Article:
From Apple iPads to the huge number of other tablets, this product category is growing fast. But there are problems. With the operating systems consisting of Apple, Microsoft and Google based code, there is not any focus from the software vendors in the ABL arena that is outside of the Windows area. There are "Apps" that do specific things like show Borrowing Base availability or even system stored trends and stats, but these are small "Apps" and not full blown systems. Some of the cloud based systems can display in a web browser and that offers the ability to show the data on almost any of the tables operating systems. Software vendors that needs to program for Apple, Microsoft and Google operating systems would need to charge a lot more money to support all three operating systems. This is a case where competition drives up prices due to the narrow vertical market of a small ABL population. We are seeing tablets in the sales and monitoring space to do simple tasks like loan applications, loan advances, Borrowing Base review and other lending tasks. But for Field Exam/Audit, it does prove some challenges to type in thousands of numbers, word process, copy and paste, Etc. Sure you can add a keyboard, mouse, keypad, but the world has already invented a better product for that, it's called a "Laptop."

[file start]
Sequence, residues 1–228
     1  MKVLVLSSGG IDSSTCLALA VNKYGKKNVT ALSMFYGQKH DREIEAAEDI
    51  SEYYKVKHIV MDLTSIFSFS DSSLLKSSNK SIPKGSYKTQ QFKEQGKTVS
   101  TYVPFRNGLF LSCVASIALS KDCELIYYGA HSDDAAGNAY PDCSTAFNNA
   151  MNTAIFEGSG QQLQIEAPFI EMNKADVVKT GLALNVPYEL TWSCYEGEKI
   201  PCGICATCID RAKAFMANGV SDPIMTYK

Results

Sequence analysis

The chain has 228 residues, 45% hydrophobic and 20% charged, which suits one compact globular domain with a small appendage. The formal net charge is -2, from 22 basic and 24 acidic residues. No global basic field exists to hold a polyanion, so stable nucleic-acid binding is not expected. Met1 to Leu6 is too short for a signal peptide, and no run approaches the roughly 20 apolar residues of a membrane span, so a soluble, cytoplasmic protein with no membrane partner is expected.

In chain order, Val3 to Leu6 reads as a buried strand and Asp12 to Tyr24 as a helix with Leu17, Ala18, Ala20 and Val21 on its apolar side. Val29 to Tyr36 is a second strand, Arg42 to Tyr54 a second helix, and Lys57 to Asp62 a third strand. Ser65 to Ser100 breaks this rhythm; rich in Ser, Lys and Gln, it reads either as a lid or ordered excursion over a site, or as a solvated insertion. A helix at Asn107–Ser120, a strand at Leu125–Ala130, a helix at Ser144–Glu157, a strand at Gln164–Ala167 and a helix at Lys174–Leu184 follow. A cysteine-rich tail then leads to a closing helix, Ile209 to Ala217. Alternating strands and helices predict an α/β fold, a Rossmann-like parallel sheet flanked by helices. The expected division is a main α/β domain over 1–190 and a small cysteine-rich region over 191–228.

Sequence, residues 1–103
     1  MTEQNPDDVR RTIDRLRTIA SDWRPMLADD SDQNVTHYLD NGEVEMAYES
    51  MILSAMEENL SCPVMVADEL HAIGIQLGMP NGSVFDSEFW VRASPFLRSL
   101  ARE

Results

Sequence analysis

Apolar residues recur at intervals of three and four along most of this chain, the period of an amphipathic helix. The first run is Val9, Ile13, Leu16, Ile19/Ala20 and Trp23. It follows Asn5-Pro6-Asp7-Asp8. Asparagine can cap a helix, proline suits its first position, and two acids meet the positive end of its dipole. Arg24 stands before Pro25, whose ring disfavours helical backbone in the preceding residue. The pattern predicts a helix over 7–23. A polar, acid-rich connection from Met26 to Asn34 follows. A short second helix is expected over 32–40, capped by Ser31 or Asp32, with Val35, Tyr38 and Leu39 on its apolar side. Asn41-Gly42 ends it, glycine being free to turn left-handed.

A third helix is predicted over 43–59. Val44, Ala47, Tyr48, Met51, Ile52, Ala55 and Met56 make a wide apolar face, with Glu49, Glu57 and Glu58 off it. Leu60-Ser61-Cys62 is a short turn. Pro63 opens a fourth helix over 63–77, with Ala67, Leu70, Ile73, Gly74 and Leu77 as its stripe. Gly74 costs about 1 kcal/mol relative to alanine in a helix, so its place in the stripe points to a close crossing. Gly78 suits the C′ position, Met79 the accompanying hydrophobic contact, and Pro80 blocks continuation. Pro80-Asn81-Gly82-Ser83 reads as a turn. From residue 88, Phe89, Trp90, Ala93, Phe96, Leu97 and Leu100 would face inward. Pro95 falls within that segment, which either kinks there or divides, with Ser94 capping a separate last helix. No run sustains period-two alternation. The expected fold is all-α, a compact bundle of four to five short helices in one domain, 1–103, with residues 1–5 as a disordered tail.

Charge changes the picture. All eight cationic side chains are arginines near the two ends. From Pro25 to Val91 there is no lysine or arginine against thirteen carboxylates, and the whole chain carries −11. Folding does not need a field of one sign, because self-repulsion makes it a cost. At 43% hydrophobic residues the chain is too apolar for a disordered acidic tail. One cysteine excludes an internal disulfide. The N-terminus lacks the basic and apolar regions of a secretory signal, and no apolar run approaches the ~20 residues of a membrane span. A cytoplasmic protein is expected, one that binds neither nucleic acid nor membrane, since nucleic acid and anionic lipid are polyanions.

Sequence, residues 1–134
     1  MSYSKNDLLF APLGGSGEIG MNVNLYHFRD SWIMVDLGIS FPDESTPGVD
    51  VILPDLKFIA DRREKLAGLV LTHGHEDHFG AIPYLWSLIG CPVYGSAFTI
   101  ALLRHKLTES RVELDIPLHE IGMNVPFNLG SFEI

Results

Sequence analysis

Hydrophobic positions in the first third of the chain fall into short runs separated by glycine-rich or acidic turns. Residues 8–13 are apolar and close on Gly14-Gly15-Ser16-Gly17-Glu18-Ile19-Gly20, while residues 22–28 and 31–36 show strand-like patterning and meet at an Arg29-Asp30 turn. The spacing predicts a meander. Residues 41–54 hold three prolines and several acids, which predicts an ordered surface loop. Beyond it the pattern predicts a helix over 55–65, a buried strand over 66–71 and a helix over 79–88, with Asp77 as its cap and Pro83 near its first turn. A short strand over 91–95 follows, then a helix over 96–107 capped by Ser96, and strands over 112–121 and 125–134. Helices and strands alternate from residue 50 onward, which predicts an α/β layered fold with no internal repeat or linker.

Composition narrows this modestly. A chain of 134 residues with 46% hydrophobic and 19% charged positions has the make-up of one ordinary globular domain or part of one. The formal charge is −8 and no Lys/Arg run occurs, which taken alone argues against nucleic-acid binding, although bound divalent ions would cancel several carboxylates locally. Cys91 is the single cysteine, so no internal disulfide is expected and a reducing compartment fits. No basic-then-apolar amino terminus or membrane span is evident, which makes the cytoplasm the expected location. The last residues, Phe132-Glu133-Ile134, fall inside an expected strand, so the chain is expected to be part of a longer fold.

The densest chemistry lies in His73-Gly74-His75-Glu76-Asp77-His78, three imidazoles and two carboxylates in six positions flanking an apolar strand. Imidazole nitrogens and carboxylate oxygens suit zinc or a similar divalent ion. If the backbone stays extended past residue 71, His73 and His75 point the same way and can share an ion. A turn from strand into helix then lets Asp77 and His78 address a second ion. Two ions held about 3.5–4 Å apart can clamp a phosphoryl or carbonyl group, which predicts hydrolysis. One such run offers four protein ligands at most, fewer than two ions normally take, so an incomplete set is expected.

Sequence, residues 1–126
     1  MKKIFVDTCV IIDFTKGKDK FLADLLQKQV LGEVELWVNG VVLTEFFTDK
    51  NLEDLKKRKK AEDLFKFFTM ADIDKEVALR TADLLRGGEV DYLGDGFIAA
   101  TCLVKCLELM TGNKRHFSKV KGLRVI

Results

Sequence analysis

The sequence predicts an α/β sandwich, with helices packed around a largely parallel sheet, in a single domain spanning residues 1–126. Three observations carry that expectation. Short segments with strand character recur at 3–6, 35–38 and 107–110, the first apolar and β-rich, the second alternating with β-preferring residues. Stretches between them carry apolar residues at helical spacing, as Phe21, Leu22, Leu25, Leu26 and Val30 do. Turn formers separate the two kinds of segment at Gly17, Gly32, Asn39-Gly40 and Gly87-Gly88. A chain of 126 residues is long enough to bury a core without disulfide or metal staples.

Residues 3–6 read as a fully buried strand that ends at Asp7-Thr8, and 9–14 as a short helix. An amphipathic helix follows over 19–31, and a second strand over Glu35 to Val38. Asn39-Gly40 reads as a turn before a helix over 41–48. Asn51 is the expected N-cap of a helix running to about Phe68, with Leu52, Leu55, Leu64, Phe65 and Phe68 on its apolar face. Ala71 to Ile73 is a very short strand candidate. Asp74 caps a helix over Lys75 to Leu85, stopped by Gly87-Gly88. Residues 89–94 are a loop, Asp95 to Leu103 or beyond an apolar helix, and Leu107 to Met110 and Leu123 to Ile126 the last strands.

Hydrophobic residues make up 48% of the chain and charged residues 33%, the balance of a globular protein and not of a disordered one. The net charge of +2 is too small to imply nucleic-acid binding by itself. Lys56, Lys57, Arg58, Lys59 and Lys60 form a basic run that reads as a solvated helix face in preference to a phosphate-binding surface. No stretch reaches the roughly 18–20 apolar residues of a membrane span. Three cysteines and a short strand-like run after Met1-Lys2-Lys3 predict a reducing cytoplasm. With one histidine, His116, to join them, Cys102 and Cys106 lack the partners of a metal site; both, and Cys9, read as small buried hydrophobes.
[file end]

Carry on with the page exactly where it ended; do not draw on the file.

Virus Paranoia and...
YES, you need virus software to be running all of the time
YES, you need to subscribe to the automatic updates
YES, you need a software firewall such as Norton Internet Suite or McAfee Internet Suite or Zone Alarm
YES, you need to run spyware software checks from AdAware/Lavasoft and SpyBot to keep the junk out
YES, malware is also out there. Try to run Malwarebytes at least weekly.
YES, you need to password protect your computers and remove all Guest Accounts
YES, you need to turn off file sharing if you are on a WiFi network or hotel network or your borrower's network so that they cannot get your files.
YES, you need to password protect your virus software so that a virus (or an auditor) cannot turn off the virus software
AND... You need passwords that contain 2 uppercase letters, 2 numbers and are at least 12 characters long. For your financial transactions (Bank, PayPal, etc.), you want to use passwords that make no sense, are not in dictionaries, cannot be guessed and are not used for any other purpose... AND your financially linked passwords should certainly be more than 12 characters long.